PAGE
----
The Birnbaum Siddur and the plight of contemporary orthodoxy

October 8, 2007

(This started as a comment on this post at On the Main Line. It quickly got to big for the comment box, so I decided to put it here instead. I need to post more anyway.)

The Birnbaum Siddur is interesting in a number of ways. I think its eclipse by Artscoll is in many ways one of the subtler signs of the changes that have taken place in American Orthodoxy in the past 60 years.

Birnbaum was a professor at JTS, and intended his siddur to be used in both Conservative and Orthodox Synagogues (indeed, at the time the differences were often much fuzzier than they are now). The first printing had an acknowledgments paragraph, which thanked many Seminary luminaries, including R. Abraham Joshua Heschel, R. Louis Ginzberg, R. Louis Finklestein, Alexander Marx and others. This was excluded in the 1951 printing, and all later editions. I assume that this was due to the distaste of some Orthodox customers for these heterodox figures, but I haven’t seen any empirical evidence for this. In any event, it quickly became the siddur of choice in North American Orthodox congregations.

In 1961 the RCA came out with their own siddur, edited by R. David De Sola Poole. It was intended, I believe, to overtake Birnbaum in Orthodox circles. Birnbaum wrote a rather scathing review of the translation in HaDarom. (I don’t know the exact dates off the top of my head, but I have copies of the articles in my files. I can dig them up for anybody who is interested.) The RCA fired back, with a sharp response to Birnbaum’s critiques, which included some somewhat nasty comments on Birnbaum’s siddur, nearly 12 years after its initially publication. Though the byline for this response was R. Charles Chavel, Louis Feldman, in his eulogy for R. Joseph Dov Soloveichik, says that it was, in fact, the Rav who wrote this frank, and somewhat nasty, reply to Birnbaum. Birnbaum was permitted a response, and that was the end of the fight in print. In terms of sales, the RCA siddur was never as popular as Birnbaum.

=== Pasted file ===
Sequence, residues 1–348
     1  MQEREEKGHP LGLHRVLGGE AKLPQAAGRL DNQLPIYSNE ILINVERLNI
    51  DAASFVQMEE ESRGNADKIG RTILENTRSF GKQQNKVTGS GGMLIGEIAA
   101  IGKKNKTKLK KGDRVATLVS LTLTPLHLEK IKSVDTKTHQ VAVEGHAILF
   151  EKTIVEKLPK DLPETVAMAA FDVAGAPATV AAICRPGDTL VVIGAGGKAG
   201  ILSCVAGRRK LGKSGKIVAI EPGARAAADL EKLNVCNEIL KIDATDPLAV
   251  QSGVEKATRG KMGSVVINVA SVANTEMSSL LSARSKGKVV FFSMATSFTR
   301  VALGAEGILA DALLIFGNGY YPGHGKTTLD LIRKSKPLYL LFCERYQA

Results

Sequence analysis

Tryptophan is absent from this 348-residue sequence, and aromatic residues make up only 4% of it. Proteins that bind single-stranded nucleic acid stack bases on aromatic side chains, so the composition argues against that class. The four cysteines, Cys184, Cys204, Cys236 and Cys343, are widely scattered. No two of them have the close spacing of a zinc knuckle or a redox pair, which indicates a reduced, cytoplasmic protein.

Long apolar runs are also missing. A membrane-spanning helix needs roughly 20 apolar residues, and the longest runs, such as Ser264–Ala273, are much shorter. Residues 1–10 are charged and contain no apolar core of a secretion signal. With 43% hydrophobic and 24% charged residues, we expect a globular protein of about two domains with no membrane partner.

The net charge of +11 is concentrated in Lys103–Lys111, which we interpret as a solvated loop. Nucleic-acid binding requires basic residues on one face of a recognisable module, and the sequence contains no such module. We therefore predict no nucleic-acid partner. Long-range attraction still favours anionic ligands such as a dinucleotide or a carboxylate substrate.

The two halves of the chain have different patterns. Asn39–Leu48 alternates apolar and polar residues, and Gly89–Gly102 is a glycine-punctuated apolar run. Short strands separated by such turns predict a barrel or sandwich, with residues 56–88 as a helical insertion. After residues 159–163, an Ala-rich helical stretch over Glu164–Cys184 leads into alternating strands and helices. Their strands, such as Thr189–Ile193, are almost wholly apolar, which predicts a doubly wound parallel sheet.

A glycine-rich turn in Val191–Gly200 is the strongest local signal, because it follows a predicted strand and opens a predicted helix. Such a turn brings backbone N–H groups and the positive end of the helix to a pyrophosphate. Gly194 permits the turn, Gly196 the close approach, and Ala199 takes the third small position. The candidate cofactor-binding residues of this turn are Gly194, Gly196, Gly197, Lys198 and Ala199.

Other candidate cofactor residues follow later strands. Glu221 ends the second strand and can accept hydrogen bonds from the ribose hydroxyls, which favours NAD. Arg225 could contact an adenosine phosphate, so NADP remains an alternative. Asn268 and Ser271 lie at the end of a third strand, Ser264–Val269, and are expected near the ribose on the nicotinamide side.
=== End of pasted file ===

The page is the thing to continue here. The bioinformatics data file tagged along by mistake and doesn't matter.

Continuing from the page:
What is interesting about this fight is that it was not over the actual liturgy. The two siddurim are very similar on the Hebrew side of the page. The disagreement was, for the most part, about the English translation, and the commentary, which was minimal in both. By now, Birnbaum has been superseded by Artscroll, which is also liturgically very similar to the other two siddurim. This points to an interesting facet of the rightward turn in North American orthodoxy over the past 60 or so years. The battle, for the most part, has not been over ritual. For the most part, what we do in the synagogue has gone relatively unchallenged. (The obvious exception to this, the move to allow more women’s participation in prayer services, is extremely recent, and so far relatively unpopular, though that is changing.) The fight has been over ideology, and, to a large degree, the extent to which historical scholarship can inform orthodoxy. While in the 50s and 60s, the community was more open to scholarship (or so I am told, I was not there), as evinced by the popularity of the Birnbaum siddur, the contemporary scene requires a less scholarly prayerbook. Granted, this is not the sole reason for the popularity of Artscroll siddurim. Presentation is certainly also a large factor, and there are others. However, it is certainly a factor and perhaps a decisive one.